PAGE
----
- October 01, 2010, By Timothy J. Walker Contributing Editor
When a roller rotates, how much web does it feed forward per revolution? At first, the answer seems obvious: It feeds forward a length of web equal to the circumference of the roller or Pi (3.14) times the roller diameter. However, this answer is correct only to 99%.
If you want to accurately estimate the feed rate, you need to consider other factors, including the effects of web thickness, web tension, nipping compression, and rubber covering elongations.
Answering this question depends on how sensitive you or your customers (and their lawyers) are to small errors in actual length and how it will be measured. Are you going to measure the web while it is still under tension? Or do you need to consider the length of the web under no tension, such as total length of cut sheets?
Product thickness effects will make you underestimate the web feed per revolution. A web bending around a roller will have different lengths depending on whether you measure the side of the web away from or in contact with the roller.
The effective feeding diameter of a web on a roller is the roller diameter plus the web thickness. For thin webs, this is a small error, but for thicker webs on small rollers, this can become a +0.1-0.3% error.
Web tension will make you overestimate/underestimate the web feed per revolution. If you feed 1,000 in. of web stretched by tension 0.5%, you will have pushed only 995 in. of untensioned web. You are better off sending an overage proportional to the strain of web tension.
When solid nipped rollers rotate, how much web do they feed forward per revolution? This question opens up one of the biggest cans of worms in web handling. Read on if you dare.
If you set the solid nipping rollers of a home pastamaker to a gap less than the dough thickness, the dough will compress as it passes between the nips. If the dough is incompressible, the volume must be constant, and any loss of thickness must be offset by an increase in width or length.
Except for small edge effects, there is no place for dough to move laterally, so the thickness change in a nipped system will mostly become a length change, forcing the web to double its length for a halving of its thickness.
Will the nipped rollers push more or less web per revolution than a wrapped roller? It depends on whether the web recovers from the nipping action. If you are feeding a highly elastic web, like rubber, the web will immediately contract back to its original length once it leaves the nip point. Therefore, your feed length will be less than the roller.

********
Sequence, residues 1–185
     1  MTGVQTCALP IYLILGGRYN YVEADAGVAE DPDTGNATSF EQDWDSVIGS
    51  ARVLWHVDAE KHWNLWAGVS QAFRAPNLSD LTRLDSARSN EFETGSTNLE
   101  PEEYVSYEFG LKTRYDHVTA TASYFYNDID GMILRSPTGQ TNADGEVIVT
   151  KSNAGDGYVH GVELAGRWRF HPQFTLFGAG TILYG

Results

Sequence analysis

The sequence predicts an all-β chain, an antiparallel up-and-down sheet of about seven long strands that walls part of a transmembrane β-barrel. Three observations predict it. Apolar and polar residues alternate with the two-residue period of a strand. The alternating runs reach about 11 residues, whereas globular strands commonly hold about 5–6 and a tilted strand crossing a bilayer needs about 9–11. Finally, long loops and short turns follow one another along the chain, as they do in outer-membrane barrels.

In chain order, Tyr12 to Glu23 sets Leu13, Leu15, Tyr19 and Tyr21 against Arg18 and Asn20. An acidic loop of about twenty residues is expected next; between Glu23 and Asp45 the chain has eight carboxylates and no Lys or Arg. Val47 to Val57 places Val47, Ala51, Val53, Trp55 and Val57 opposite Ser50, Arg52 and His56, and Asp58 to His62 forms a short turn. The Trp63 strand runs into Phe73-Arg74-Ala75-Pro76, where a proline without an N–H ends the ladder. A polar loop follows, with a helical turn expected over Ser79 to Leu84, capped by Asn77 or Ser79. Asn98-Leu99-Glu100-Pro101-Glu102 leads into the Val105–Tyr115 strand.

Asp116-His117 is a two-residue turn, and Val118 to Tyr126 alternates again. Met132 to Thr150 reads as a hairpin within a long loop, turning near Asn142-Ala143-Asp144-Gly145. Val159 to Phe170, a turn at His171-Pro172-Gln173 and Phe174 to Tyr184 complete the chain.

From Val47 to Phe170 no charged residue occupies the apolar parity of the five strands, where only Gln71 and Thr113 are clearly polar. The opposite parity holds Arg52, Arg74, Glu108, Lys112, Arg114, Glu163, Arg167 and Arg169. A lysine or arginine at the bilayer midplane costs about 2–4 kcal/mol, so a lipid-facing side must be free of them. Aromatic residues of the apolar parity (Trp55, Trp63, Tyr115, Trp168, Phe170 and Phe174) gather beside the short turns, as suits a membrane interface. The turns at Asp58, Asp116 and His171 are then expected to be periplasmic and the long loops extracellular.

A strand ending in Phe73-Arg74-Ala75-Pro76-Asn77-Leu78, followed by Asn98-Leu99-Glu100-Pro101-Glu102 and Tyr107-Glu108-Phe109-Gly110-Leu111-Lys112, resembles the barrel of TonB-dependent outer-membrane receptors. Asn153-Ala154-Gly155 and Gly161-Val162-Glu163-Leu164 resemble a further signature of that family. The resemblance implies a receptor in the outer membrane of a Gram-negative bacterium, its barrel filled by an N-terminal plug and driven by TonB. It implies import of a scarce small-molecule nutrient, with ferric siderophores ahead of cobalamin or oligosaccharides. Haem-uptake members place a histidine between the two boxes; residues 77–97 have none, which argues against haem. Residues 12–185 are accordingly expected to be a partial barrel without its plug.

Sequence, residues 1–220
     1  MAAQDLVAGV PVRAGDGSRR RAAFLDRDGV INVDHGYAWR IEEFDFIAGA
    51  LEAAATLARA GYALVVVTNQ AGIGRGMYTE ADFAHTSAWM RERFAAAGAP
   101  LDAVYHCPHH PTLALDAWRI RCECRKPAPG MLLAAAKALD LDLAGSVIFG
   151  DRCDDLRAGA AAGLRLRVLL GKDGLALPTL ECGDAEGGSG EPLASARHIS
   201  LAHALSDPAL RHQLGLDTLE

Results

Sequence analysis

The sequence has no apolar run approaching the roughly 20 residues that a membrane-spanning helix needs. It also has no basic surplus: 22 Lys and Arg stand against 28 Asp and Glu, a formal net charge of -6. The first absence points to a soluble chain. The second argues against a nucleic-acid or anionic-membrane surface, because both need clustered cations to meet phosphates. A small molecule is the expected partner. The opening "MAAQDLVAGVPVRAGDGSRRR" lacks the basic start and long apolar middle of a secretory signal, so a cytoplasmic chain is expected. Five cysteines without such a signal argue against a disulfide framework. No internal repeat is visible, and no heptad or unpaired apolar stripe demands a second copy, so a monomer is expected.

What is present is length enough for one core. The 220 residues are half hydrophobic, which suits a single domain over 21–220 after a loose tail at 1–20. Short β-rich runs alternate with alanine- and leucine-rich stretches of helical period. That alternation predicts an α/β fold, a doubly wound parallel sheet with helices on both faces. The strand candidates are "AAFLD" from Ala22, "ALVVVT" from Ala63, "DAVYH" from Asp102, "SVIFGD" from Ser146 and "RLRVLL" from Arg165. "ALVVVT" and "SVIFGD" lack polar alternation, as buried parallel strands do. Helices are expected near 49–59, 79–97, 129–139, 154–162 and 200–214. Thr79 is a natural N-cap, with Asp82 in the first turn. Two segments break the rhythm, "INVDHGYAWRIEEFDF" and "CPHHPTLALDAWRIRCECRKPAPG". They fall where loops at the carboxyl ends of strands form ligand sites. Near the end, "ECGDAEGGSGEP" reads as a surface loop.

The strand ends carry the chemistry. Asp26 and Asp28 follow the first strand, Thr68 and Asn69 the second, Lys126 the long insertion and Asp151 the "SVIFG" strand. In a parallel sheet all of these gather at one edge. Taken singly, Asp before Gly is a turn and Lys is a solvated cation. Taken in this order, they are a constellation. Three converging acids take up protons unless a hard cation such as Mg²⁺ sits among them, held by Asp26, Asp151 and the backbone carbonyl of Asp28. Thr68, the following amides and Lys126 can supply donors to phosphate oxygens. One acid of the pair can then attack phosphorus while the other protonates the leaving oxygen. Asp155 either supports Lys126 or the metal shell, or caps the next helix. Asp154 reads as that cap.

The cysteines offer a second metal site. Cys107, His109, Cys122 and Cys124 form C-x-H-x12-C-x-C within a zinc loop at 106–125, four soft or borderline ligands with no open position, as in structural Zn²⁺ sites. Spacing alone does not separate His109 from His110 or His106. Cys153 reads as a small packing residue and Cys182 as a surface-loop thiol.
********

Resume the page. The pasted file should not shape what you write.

If you are feeding a viscous or deformable web, like soft cookie dough, you will see little or no snap back after leaving the nip point, and web length will be close to the roller circumference.
When a rubber nip system rotates, how much web does it feed forward? This is the real can of worms. The rubber will react like an elastic web pinched between two solid rollers, stretching in the nip zone and snapping back in the unnipped condition.
For the web pinched between the stretching rubber and the rigid metal surface, which will control the web elongation? Since most webs will have a higher coefficient of friction to rubber than hard metals, it is likely the rubber roller will determine how much web is fed forward.
The first estimate of the speed difference between a steel and rubber-covered roller is proportional to the covering indentation divided by four times the covering thickness. For a 20-mil indentation of a 0.5-in. covering, the rubber roller will turn 1% slower than the rigid roller of equal diameter.
Of course there are more worms in our can. Special rubber rollers made of hard skin on a compressible interior may have no or opposite speed differential. If the web slips against any roller, all bets are off on how much web is fed forward per revolution.
Web handling expert Tim Walker, president of TJWalker+Assoc., has 25 years of experience in web processes, education, development, and production problem solving. Contact him at 651-686-5400; email@example.com; www.webhandling.com.